Big Multilinguality for Data-Driven Lexical Semantics

A key challenge in natural language processing is defining the computational representation of words. Data-driven distributional approaches use corpora to induce vector-space representations for words, based on the contexts they occur in. This project goes beyond traditional approaches (e.g., latent semantic analysis; Deerwester et al., 1990), which use words that tend to occur near a word in corpora to define the context, by extending the types of contexts used in constructing semantic vectors. First, this project incorporates translation contexts, i.e., words readily available in multilingual parallel corpora, alongside traditional monolingual corpora. This allows evidence-sharing across languages, most importantly from resource-rich languages with large corpora to more resource-poor languages. Second, this project incorporates social context inferable from social network platforms, captured through author, time, geographic, and social connection metadata. Taken together, these additional features give a broader definition of a word's context and lead to a more unified approach to the distributional approach to modeling human language, moving in the direction of a language-independent semantics. The project focuses on ten typologically diverse languages representing several major language families (English, Arabic, Chinese, Spanish, Russian, German, Portuguese, Swahili, Malagasy, and Farsi). A key emphasis is scaling up algorithms for inferring distributional representations to web-scale corpora and dealing with much larger contextual vectors representing the expanded notion of context. The approach also leverages noisy syntactic processing to enable syntactic information, rather than just information about neighboring words, to be considered when defining context.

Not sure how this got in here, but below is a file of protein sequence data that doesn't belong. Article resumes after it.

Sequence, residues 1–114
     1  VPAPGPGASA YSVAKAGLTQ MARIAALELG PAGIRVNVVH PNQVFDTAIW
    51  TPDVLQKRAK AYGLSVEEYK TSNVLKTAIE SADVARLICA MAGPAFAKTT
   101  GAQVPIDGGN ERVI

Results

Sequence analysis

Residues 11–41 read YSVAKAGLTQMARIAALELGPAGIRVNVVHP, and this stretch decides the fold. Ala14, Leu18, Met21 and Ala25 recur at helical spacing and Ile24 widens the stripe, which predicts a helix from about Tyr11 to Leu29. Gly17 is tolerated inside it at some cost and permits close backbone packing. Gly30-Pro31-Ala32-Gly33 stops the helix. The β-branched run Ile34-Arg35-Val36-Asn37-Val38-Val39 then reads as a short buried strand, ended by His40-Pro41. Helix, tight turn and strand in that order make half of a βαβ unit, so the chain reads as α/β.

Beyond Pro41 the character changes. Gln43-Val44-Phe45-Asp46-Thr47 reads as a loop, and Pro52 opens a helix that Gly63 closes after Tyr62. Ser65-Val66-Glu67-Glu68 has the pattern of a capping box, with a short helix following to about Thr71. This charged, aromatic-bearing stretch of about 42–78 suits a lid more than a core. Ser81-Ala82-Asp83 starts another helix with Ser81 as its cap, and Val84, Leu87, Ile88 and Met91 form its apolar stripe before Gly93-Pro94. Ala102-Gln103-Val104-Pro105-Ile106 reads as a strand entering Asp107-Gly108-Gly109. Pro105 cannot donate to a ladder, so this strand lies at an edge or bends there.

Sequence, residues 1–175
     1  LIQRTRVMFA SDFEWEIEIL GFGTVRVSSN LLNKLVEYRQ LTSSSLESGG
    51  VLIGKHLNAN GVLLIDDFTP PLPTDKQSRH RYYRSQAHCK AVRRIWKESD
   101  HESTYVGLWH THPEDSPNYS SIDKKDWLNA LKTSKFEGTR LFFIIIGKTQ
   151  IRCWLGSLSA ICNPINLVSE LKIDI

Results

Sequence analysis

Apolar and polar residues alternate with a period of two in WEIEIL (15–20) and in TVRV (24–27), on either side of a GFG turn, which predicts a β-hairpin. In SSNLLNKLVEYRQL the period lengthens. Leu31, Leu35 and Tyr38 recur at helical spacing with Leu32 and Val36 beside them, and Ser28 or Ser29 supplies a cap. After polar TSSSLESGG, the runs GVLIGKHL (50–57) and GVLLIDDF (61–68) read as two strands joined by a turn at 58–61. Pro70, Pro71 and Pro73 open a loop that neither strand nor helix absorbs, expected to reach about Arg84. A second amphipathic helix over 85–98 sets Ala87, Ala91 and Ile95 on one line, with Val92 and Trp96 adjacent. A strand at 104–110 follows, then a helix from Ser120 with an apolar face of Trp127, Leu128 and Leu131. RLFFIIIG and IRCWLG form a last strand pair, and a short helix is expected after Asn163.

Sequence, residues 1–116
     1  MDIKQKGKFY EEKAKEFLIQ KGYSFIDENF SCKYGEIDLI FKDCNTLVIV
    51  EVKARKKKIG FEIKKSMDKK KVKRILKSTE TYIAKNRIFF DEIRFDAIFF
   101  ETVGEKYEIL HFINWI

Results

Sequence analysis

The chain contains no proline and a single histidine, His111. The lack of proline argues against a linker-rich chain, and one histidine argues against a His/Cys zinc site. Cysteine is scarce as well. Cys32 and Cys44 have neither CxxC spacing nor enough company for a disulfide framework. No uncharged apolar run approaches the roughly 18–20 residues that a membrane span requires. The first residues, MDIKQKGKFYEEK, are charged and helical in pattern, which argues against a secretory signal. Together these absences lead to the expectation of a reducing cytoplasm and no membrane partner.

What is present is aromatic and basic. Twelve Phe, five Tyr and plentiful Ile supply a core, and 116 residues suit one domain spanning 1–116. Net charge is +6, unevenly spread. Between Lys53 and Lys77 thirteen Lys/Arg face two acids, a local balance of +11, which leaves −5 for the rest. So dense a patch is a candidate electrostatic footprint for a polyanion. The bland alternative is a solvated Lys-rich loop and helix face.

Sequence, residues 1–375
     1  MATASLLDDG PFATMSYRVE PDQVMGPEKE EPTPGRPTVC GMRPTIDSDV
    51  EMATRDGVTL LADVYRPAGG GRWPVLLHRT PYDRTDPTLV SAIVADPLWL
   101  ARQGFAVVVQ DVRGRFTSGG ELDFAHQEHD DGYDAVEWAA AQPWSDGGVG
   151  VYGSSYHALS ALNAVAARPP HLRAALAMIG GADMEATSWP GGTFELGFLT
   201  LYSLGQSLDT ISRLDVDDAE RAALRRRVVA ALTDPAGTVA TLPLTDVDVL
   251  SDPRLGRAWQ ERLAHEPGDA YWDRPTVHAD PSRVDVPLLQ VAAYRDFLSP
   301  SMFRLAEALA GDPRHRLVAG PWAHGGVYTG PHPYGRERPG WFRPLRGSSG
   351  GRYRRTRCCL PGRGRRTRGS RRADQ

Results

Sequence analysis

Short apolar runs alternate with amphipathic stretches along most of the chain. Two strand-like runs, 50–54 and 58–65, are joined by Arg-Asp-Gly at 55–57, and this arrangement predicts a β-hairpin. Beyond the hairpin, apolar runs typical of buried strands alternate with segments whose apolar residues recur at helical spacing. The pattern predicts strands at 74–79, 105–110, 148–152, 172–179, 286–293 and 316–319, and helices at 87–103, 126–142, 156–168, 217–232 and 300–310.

In addition to improving the quality of the learned lexico-semantic representations by including richer contextual information, this project creates lexical semantic representations that link word types across languages. These have direct use in text processing applications such as text categorization, machine translation, information extraction, and semantic analysis of text, and they will enable the construction of robust lexical semantic resources in lower-resource languages that benefit from the richness of resources in languages they are paired with. The multilingual vector representations produced will be released to the research community and will be used in undergraduate class projects. The project supports the education of two graduate students in a dynamic research environment.

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This project is supported by the National Science Foundation (IIS-1251131).